7 But we have this treasure in jars of clay to show that this all-surpassing power is from God and not from us. 

There are many places in Scripture where knowing Jesus is equated with having a treasure. This is an appropriate illustration, because treasure makes a person rich. And we are rich in the blessings showered upon us as believers. Just a few examples . . .

We are rich in the knowledge of our forgiveness and eternal life. We know, as Paul would express in another of his letters, “chief of sinners though I be, Jesus shed his blood for me.”

We are rich in the fact we have a Heavenly Father who asks us to come to him in prayer and promises to hear and act on them. And while all our prayers may not be answered in the way we would like, or think they should, we bow before the wisdom of One who loves us with an everlasting love.

We are rich in the fact that we are never alone, never abandoned, never unwatched, never unmonitored.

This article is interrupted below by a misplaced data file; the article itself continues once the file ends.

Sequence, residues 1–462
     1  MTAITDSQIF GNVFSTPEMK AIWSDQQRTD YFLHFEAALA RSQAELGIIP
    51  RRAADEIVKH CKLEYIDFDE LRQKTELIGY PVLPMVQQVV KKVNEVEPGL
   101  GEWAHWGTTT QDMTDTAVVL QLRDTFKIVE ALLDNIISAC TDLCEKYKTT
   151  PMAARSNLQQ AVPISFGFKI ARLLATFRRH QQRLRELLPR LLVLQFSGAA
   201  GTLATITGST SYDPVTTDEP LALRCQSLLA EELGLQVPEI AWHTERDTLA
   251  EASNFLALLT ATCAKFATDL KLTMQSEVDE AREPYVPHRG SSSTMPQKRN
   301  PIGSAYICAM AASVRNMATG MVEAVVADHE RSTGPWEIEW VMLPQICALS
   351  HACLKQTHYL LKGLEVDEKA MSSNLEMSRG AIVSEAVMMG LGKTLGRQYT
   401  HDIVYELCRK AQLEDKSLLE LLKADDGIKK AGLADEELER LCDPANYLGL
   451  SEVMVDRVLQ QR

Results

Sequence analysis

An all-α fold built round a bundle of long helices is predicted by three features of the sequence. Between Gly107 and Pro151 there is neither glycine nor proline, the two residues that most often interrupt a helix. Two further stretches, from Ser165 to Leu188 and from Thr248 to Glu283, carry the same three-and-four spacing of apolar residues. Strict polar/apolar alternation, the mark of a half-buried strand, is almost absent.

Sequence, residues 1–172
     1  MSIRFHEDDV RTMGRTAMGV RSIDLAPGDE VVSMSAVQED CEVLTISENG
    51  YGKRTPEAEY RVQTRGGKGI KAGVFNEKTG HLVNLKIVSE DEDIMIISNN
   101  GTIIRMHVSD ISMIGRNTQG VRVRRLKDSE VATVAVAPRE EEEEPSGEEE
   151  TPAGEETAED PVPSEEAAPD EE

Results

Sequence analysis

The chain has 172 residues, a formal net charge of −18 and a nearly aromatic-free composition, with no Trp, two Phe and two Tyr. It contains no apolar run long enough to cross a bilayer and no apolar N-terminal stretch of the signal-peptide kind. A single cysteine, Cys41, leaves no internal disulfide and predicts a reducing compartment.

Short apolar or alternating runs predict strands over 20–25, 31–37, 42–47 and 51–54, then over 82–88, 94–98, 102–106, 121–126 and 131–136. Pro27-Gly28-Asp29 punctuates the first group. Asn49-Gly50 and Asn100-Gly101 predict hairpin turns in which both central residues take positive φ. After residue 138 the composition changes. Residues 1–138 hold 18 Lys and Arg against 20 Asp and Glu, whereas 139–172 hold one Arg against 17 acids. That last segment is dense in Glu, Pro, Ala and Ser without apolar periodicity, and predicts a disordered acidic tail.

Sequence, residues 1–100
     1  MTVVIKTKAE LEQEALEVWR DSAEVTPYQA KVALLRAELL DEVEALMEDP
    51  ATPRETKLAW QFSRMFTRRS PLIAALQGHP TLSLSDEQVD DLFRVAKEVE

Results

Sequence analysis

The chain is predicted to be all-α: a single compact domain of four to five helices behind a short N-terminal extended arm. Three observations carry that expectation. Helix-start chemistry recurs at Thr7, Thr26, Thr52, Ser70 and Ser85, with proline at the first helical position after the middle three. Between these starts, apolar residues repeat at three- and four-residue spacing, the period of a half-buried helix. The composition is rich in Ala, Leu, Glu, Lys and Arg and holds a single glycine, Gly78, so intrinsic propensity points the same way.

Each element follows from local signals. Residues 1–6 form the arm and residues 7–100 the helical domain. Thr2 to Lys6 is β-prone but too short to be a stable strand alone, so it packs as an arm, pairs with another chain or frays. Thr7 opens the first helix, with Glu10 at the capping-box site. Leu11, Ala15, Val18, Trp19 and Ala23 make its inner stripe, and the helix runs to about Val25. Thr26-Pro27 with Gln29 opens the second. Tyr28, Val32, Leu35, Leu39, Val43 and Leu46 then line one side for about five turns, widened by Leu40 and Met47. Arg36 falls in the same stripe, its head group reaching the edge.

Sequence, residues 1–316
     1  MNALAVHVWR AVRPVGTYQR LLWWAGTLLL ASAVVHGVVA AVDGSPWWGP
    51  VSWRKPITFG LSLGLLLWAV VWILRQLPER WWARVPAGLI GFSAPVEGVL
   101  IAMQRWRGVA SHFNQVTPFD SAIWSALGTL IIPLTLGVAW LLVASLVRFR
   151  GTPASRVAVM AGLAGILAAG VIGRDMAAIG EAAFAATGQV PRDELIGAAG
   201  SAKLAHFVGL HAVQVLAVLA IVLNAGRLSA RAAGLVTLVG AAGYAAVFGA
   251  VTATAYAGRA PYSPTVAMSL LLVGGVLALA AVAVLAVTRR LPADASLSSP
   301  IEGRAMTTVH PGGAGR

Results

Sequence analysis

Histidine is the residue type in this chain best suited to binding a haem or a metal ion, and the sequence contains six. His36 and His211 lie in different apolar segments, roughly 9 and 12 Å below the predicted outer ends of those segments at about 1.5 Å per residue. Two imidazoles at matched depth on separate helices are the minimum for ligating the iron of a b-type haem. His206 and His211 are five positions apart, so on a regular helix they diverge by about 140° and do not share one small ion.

We are rich in that we know we have a purpose in life; that our existence is not an unplanned, chaotic result of randomly converging atoms and molecules, but that we are fearfully and wonderfully made for the purpose of bringing glory to God and representing Jesus Christ well before a watching world.

Our riches far surpass worldly wealth, because they can never be taken away by a plunging stock market or a financial setback. The fact is, our riches will last throughout eternity – which, in the world of wealth management, is a pretty solid retirement plan.

We possess this treasure even though we are but frail, fragile human beings; “jars of clay,” as Paul describes us. Yet, our weakness is the conduit that brings God’s strength to us. Residing within these imperfect vessels is power for living, poured into us by God himself. And we need that, because of the world we live in.